Dinos Chapman continued explaining in Akbar’s article;
He tried to get into art school with these. They are bland and show no presentiment of the genocide to come. They represent the husk of a man who would be filled up with bitterness and hatred. They are identical to thousands of drawings in junk shops. All they demonstrate is that they are a terrible work of art, not that the person behind them will become a tyrant. (Akbar)

“This is not the first time the brothers have defaced artwork. They offended some Spanish critics when they reworked 80 etchings by Goya, Disasters of War, adding funny faces and clowns heads.” Arifa Akbar of The Independent. It is apparent that this is now a trend in the work of the Chapman Brothers to create a dialog about the work its self, to see if it is valid, in exploiting its medium, be it sampling, re-appropriation or re-mixing culture.

The Chapman Brothers have defaced more than just primitive art. They place it in juxtaposition with corporate logos, symbolizing the spread of capitalism throughout the world, and its systematic destruction of primitive culture. The Chapman Brothers also took some of the worlds most beautiful etchings by Goya and systematically defaced them, creating a new story of tragedy. They feel they “collaborated” with Goya to make the works more relevant to today’s audience. The Chapman Brothers take poetic terrorism to a different level within art. They push the boundaries of what is accepted, into what can be barely tolerated. They have not plagiarized, or infringed any copyrights, they have not stolen or really even damaged any works. Today, we have to consider the culture in which Jake and Dinos Chapman live and work, and what is accepted in today’s society is different than 100 years ago. Today we see re-mixing, and re-appropriation of ideas and themes daily has become a major part of their art theory and critical awareness. The Chapman Brothers have decisively constructed a political statement about art and society through their works. Jake and Dinos Chapman are ingenious catalyst of a new style of appropriation, re-mixing and sampling in the 21st Century.

Works Cited
Akbar, Arifa. “The art of Adolf Hitler (with a little help from the Chapman brothers)” Independent News and Media Publication: The Independent Art. 2008. 1Dec. 2008.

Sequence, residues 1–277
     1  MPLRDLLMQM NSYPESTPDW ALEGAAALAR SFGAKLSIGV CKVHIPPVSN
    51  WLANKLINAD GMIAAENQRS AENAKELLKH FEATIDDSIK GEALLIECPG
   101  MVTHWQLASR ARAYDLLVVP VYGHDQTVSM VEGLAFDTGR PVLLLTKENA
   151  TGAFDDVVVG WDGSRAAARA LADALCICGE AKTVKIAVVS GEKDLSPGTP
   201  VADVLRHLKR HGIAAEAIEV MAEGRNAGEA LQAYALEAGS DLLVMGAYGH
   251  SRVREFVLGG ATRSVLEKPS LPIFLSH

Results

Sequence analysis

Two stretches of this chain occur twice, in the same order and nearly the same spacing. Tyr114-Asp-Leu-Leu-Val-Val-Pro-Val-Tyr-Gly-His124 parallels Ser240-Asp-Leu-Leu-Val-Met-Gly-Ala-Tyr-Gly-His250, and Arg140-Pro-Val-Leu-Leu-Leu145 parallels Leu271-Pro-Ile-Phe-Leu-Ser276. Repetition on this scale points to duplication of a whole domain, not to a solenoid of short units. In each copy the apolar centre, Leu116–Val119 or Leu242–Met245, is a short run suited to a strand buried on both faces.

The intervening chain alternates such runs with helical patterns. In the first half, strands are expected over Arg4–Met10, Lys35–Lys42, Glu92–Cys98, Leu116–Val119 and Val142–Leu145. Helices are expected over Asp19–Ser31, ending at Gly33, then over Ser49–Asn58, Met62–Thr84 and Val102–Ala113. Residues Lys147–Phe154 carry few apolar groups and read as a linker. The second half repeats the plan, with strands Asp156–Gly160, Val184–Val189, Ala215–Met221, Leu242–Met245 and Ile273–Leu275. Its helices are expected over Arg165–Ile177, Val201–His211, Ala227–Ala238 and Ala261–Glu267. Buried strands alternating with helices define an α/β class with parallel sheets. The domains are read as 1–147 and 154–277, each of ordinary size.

Chapman, Jake and Dinos. Insult to Injury: the Marriage of Reason and Squalor. Steidl, 2004.
"copyright." Merriam-Webster Online Dictionary. 2008. Merriam-Webster Online. 6 Dec. 2008.
Jones, Jonathan. “Look what we did.” 2003. The Guardian. 1 Dec. 2008.
Miller, Paul D. Sound Unbound: Sampling Digital Music and Culture. Cambridge: MIT Press, 2008.
"originality." Merriam-Webster Online Dictionary. 2008. Merriam-Webster Online. 6 Dec. 2008.
"plagiarism." Merriam-Webster Online Dictionary. 2008. Merriam-Webster Online. 6 Dec. 2008.
Schneider, Eckhard. Jake and Dinos Chapman. New York, Distributed Art Publishers, 2005.

Sunday, October 5, 2008

Gerhard Richter: An ‘ism’ of Perception

Gerhard Richter
An ‘ism’ of Perception
by Jane Crayton

Gerhard Richter is an important oppositional artist whose work focuses on perception, reality, reference frame, personal identity and belief. His work seeks to contradict any possible system or ‘ism’ of belief that could form. He does this by questioning and disclosing another point of reference indifferent to the ‘norm’ or to what is expected and envisioned by his audience. Richter is a theorist working in the medium of art, seeking to solve the problems of perception and assumptions. He seeks to find truth in our individualism, by embracing opposition through his utopian lack of illusions and assumptions.

Richter is working against perception, he is working against the ideals and rules we assume. Richter explains, “my method, or my expectations which, so to speak, drives me to painting, is opposition.” His work is the act of working against the view, working in opposition to styles and boundaries. He seeks to change perception, or blur the reality, so you can see, and understand the greater indifference of our diversity. His works depicted as blurs are an indication of just that; an imperfect reality, someone’s reality, another view, another understanding.